Don’t Forget Me: The Eddie Cochran Story
In baseball, a five-tool player is recognized as one with superstar potential, able to throw, run, field, hit for average and hit with power. In rock ‘n’ roll, Eddie Cochran was a five-tool musician, with skills as a guitarist, singer, songwriter, arranger and producer.
Best known for the hits “Summertime Blues” and “C’mon Everybody”, Cochran’s life was cut short in April 1960 when he died at 21 in a car crash while on tour in England. In the first full-length biography of Cochran, Mundy, a journalist, and Higham, a musician, succeed in pulling him from the shadow of his better-known contemporaries to present a balanced look at one of rock’s pioneers.
As a child, Cochran learned a few chords on his brother’s guitar. Soon, he and the instrument became inseparable. After his family moved to Los Angeles in the early 1950s, he got into the thriving country music scene and hooked up with future Nashville songwriter Hank Cochran (no relation) to form the Cochran Brothers.
Eddie continued to refine his skills as a session guitarist, backing up country singers Wynn Stewart and Skeets McDonald, but his interest extended to all genres of music. “It was one of Eddie’s desires to be able to sit down and play with anyone from B.B. King to Chet Atkins to Joe Maphis,” Chuck Foreman, an early musician friend of Cochran, told the authors. Cochran recorded with Maphis and jammed with King.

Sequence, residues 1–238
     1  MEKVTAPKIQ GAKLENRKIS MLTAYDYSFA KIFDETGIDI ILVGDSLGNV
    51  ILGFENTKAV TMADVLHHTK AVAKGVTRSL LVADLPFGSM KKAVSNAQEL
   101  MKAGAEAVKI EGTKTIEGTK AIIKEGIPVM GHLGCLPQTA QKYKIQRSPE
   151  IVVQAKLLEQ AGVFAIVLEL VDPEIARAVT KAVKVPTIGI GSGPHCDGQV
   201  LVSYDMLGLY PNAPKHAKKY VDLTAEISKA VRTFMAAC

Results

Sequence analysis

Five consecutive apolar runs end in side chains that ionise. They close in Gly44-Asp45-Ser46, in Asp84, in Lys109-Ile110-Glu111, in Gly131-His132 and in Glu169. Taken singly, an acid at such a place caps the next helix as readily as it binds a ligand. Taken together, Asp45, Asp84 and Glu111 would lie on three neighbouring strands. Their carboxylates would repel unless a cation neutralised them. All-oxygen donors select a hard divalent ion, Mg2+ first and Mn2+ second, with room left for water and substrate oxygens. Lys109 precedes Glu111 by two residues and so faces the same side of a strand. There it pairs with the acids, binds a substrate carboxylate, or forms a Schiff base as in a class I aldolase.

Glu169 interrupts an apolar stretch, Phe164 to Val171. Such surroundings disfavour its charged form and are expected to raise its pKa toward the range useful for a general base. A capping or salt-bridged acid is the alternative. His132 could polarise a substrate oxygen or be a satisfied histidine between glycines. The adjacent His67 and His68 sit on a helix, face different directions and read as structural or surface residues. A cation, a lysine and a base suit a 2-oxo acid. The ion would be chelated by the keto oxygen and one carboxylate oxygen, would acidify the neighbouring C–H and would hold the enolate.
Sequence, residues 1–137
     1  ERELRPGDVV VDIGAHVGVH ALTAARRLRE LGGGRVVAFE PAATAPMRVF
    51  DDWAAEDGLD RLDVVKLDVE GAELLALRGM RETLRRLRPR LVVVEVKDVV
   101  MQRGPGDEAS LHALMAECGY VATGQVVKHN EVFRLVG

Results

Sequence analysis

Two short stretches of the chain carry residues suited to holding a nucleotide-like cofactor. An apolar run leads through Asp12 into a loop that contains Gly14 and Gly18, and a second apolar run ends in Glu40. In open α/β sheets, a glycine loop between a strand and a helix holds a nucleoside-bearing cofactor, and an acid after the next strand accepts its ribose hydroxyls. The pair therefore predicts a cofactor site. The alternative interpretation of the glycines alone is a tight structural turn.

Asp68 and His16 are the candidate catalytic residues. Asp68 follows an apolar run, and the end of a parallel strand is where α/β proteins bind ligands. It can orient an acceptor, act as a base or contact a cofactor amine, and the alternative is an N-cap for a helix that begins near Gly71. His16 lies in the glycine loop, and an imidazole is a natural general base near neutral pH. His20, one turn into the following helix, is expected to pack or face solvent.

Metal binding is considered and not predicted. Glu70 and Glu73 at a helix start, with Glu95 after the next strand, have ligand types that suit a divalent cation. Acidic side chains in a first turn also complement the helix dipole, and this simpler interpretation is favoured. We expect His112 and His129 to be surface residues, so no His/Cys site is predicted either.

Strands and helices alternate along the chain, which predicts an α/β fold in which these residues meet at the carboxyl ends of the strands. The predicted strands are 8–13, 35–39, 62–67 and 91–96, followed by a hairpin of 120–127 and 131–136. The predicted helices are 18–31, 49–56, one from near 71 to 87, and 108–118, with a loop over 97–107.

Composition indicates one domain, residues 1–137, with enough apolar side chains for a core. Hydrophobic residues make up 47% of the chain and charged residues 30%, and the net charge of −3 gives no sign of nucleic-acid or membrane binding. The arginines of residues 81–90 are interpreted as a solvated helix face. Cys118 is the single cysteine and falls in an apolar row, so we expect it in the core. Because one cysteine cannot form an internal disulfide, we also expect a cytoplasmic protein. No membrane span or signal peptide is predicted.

With the rise of Elvis Presley in 1956, the Cochran Brothers split up after a few unsuccessful singles as Eddie pursued a career in rock ‘n’ roll. He hooked up with songwriter/manager Jerry Capehart and they became a songwriting team, making demos of tunes for American Music. Cochran gained invaluable experience as a producer and arranger, experimenting with overdubbing. The duo’s breakthrough came with “Summertime Blues” in June 1958. Its driving acoustic guitars and humorous lyrics captured the essence of teenage frustration, and the song became a classic.
Cochran’s follow-up singles never cracked the Top 10 in the United States, but remained of a high quality. “C’mon Everybody” showed Cochran to be the equal of Chuck Berry in chronicling teenage life, while “Somethin’ Else” was ahead of its time with its driving bass and drums. “Hallelujah, I Love Her So” was a tribute to Cochran’s love of Ray Charles’ music.
Don’t Forget Me (the title comes from an inscription Cochran used when giving autographs) presents a comprehensive account of Cochran’s final tour, capturing the highs and lows of his British experiences. Offstage with co-headliner Gene Vincent, Cochran resorted to drinking to fight loneliness and homesickness.
Cochran’s music influenced musicians from Pete Townshend to Jimi Hendrix to Brian Setzer. Don’t Forget Me is a good step in assuring his contributions will be remembered.